by Staff Sgt. William Banton
7th Air Force Public Affairs
3/10/2015 - OSAN AIR BASE, Republic of Korea -- In
a nondescript room at the bottom of a random building, sits a group of
men and women coordinating engineering requirements for military
The civil engineers working for 7th Air Force installations and mission
support during exercise Key Resolve 2015 strive to ensure all Republic
of Korea and U.S. installations remain operational in a contingency
"Our primary mission is to repair the damage that would occur during an
attack and try to repair those things as fast as possible," said ROK air
force Capt. Young Woon Yoon, exercise and training chief.
To keep that mission going, the two countries must count on on each other.
"We rely heavily on the ROKAF engineers to ensure the airfields are
operational," said U.S. Air Force Capt. Anna Narduzzi, 7th Air Force
plans and readiness chief. "There are places where U.S. engineers might
not have personnel, but we are flying operations."
In operations like KR15, civil engineers support the pre-air tasking
orders directly by ensuring all facilities have the proper resources
needed to stay operational, to include water and electricity.
"When you say Air Force, the older [Koreans] just think of the aircraft,
but with civil engineering we control, take care of or support
everything from the start to the end," Yoon said. "I am really proud a
lot of the functions that make the operation succeed are done by civil
According to Yoon, the continuity ROKAF forces provide is essential to
mission success, because they don't have to overcome the challenges of
knowledge turnover on an annual or biannual basis.
"It makes it much easier, because I can ask [ROKAF members] questions,
and I know they're already prepared for whatever may happen," Narduzzi
said. "For example, if an airfield lighting system would go down, they
are already prepared to move their extra portable lighting system to one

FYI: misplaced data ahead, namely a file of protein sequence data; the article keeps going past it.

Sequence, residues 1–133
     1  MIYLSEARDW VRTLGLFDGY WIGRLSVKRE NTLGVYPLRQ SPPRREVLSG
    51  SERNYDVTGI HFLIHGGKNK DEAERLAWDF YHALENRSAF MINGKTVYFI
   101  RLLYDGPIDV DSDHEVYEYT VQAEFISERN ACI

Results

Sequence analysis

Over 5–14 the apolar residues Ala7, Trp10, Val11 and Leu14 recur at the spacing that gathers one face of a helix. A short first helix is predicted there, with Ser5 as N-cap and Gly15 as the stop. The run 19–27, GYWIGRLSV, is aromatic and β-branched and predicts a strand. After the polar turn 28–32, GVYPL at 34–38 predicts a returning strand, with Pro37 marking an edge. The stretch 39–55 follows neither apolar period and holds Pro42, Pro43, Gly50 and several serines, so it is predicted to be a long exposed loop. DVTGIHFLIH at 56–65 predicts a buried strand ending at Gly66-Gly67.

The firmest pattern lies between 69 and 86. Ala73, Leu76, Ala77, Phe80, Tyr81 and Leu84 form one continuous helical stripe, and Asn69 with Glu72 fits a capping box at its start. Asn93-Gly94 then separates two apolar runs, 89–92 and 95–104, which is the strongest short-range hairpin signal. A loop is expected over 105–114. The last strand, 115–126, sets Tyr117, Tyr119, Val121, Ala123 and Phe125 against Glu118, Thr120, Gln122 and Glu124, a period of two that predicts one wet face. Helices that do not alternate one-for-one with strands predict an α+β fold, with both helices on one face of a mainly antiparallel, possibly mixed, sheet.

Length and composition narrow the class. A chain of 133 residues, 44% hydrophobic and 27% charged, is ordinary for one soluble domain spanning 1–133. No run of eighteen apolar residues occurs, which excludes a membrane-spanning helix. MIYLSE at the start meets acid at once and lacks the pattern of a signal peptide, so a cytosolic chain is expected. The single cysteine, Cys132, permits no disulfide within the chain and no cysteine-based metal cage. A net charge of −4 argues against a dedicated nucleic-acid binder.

of our bases for back up.
"During the exercise, I told them we had an issue with one of our
lighting systems and they said, 'No problem; we already have a lighting
system here, and it's ready to go. We are going to help you install it.'
It gives me a great level of confidence if a conflict actually kicked
off to know we are going to be able to work together really well,"
Yoon said being trained in the same mission parameters and the strong
relations between ROK and U.S. forces helps overcome barriers, because
everyone is prepared for the operation's procedures.
The communication limitation is one of the biggest challenges to
overcome while working with coalition partners, but Yoon explained time
built into the planning ensures better coordination.
Narduzzi also explained everything takes longer to communicate across
multiple languages; however, the working relationships between coalition
partners help counter any issues arising from this limitation.
"Our offices and engineering units are structured very similarly," she
said. "They train on the same systems, and they train together, so all
our operations are very well coordinated."
Narduzzi said the experience of working with coalition partners helped
in furthering her understanding of the parameters of Key Resolve 15 and
how to operate in a real-world situation, which Yoon expanded upon while
reflecting on his own past experiences.
"I had a chance to do this kind of exercise in a field location before
being assigned here," Yoon said. "Back then, I had a short-sighted
vision of doing the entire exercise, but I've now had a chance to see
the U.S. Air Force concepts of the operation. I learned a lot from them
and was able to find ways to improve our operations. This was a really
good exercise to further that knowledge, and I learned a lot form my